A Romp Into Theories of the Cradle of Life

As a non-scientist who appreciates how science works let's take a look through this recent New York Times article summarizing the proceedings of a gathering of two dozen chemists, geologists, biologists, planetary scientists and physicists who pondered "where and what Eden might have been." Here's the article.

Theologians basically believe an ancient pre-scientific set of canonized texts written by superstitious agency detectors. That's simply not good enough. They believe because they were raised in a Christian culture by Christian parents, for the most part, and that's it. Then they seek data that confirms what they want to believe. When the data isn't there they claim that what they believe is compatible with everything else that they believe, and will basically demand that the skeptic prove their belief is impossible. If the skeptic cannot prove their belief is impossible, they can go on their merry delusional way. But who in their right mind won't see something as improbable until we can show it as impossible? Such a baffling thought. But that's belief for you.

A Romp Into Theories of the Cradle of Life

TEMPE, Ariz. — We’re not in the Garden of Eden anymore.

Darwin speculated that life began in a warm pond on the primordial Earth. Lately other scientists have suggested that the magic joining of molecules that could go on replicating might have happened in an undersea hot spring, on another planet or inside an asteroid. Some astronomers wonder if it could be happening right now underneath the ice of Europa or in the methane seas of Titan.
This is how science works. First construct a hypothesis, then test it. Use what we've learned to construct another one, and so on, through conjectures and guesses.
Two dozen chemists, geologists, biologists, planetary scientists and physicists gathered here recently to ponder where and what Eden might have been. Over a long weekend they plastered the screen in their conference room with intricate chemical diagrams through which electrons bounced in a series of interactions like marbles rattling up and down and over bridges through one of those child’s toys, transferring energy, taking care of the business of nascent life. The names of elements and molecules tripped off chemists’ tongues as if they were the eccentric relatives who show up at Thanksgiving every year.
Again, this is science. It's a puzzle. This is how they work puzzles.
They charted the fall of meteorites and the rise of oxygen on the early Earth and evidence in old rocks that life was here as long as 3.5 billion years ago. The planet is only a billion years older, but estimates vary on when it became habitable.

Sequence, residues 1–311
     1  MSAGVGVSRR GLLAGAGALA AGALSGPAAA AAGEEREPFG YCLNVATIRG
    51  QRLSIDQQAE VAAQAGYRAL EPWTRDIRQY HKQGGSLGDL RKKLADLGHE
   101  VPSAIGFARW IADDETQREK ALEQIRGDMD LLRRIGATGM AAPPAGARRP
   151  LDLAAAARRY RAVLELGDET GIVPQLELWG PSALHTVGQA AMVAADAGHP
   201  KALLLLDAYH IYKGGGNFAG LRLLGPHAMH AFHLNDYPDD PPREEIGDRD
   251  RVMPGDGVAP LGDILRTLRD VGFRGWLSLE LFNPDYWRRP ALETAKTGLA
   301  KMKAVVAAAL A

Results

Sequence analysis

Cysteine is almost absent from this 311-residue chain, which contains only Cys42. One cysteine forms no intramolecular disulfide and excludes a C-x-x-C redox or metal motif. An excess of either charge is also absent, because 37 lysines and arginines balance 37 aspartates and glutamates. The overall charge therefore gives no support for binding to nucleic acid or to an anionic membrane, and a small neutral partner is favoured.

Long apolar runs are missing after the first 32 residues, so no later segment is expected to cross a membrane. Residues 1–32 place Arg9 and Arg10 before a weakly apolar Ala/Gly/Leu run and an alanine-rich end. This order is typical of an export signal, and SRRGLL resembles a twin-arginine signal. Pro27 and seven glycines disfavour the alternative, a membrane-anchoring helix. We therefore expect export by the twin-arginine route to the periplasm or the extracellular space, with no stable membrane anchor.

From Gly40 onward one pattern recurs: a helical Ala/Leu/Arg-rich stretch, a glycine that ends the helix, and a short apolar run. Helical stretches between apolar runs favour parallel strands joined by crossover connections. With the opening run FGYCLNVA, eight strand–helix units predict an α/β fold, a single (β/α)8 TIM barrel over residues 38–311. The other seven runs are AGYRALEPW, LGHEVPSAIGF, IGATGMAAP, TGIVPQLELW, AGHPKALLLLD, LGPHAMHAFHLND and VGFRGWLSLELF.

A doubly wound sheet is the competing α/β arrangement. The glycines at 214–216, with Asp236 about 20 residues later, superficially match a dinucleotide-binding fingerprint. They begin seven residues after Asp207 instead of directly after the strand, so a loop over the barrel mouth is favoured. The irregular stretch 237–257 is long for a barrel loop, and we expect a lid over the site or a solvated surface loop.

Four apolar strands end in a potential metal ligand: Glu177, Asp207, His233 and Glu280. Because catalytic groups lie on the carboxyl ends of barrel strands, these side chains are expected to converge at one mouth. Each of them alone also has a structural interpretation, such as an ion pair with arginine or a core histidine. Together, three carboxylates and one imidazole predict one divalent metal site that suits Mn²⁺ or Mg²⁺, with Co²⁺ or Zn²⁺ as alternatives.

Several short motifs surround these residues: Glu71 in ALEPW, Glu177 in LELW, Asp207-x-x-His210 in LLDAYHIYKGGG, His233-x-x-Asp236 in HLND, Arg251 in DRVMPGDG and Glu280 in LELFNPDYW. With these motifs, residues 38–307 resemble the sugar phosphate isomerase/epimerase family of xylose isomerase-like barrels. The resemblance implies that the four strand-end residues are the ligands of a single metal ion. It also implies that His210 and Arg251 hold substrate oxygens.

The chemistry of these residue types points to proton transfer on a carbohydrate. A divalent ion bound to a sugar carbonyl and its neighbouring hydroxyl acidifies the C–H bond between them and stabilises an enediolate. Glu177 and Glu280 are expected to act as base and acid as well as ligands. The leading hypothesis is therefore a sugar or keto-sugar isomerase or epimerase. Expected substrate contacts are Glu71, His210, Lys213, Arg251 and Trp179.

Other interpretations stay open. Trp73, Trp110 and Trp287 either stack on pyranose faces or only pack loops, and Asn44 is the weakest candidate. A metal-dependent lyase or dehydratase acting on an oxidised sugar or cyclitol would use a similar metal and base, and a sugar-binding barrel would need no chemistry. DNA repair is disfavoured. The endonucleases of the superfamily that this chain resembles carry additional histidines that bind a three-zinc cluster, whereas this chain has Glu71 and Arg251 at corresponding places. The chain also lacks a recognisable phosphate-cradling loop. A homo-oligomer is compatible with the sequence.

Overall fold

Again, this is science.
In front of a 2,400-member audience one night they debated the definition of life — “anything highly statistically improbable, but in a particular direction,” in the words of Richard Dawkins, the evolutionary biologist at Oxford. Or, they wondered if it could be defined at all in the absence of a second example to the Earth’s biosphere — a web of interdependence all based on DNA.

Hence the quest for extraterrestrial examples is more than a sentimental use of NASA’s dollars. “Let’s go look for it,” said Chris McKay, a planetary scientist at NASA’s Ames Research Laboratory in Mountain View, Calif., who is involved with the Mars Science Laboratory, which will be launched in November.
Again this is how science proceeds. Throw out some definitions and test things.
The rapid appearance of complex life in some accounts — “like Athena springing from the head of Zeus,” in the words of Dr. McKay — has rekindled interest recently in a theory fancied by Francis Crick, one of the discoverers of the double helix, that life originated elsewhere and floated here through space. These days the favorite candidate for such an extraterrestrial cradle is Mars, which was once a water world. Perhaps, some think, its microbes hitched a ride to Earth on asteroids — unless, of course, the microbes went the other way and what’s to be found on Mars are the dead remains of long-lost cousins of Earth.
If this hypothesis isn't confirmed science tests a different one based on the results of the previous one.
“We’ve crashed more space probes on Mars than anywhere else — it’s that interesting,” Dr. McKay said.
Testing hypotheses. That's science.
The conference was sponsored by the Origins Project at Arizona State University in an effort to get people together who don’t normally talk to each other, said Lawrence Krauss, a physicist who helped organize the meeting.
We need more science funding and less from the Templeton Grant fund. What has Templeton given us compared to real science? Nothing useful.
Talk is indeed hard across disciplines and geological ages. John Sutherland, a biochemist at Cambridge University in England, said geologists and astronomers were more interested in talking and speculating about the origin of life than chemists were, even though it is basically a problem of “nitty-gritty chemistry.”
Sometimes money talks. Chemists might have other things to do with their time that make them money. That's why we need more science funding.
The reason, he explained, is that “chemists know how hard it is.”
Christians will see it as hard and say "God did it." But if that's what they do science would never have discovered the heliocentric view of the universe or a vaccine for Tuberculosis, or that water pollution in modern cities kills people. There is a great book called The Ghost Map by Steven Johnson that shows how a scientist discovered why people were dying in London, England.